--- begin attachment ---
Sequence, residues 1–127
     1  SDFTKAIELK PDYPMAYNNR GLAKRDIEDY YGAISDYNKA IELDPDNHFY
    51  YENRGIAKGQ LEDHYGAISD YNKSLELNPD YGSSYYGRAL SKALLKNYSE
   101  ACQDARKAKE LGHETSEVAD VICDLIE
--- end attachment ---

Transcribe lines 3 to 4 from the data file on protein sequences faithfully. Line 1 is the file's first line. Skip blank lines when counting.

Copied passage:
    51  YENRGIAKGQ LEDHYGAISD YNKSLELNPD YGSSYYGRAL SKALLKNYSE
   101  ACQDARKAKE LGHETSEVAD VICDLIE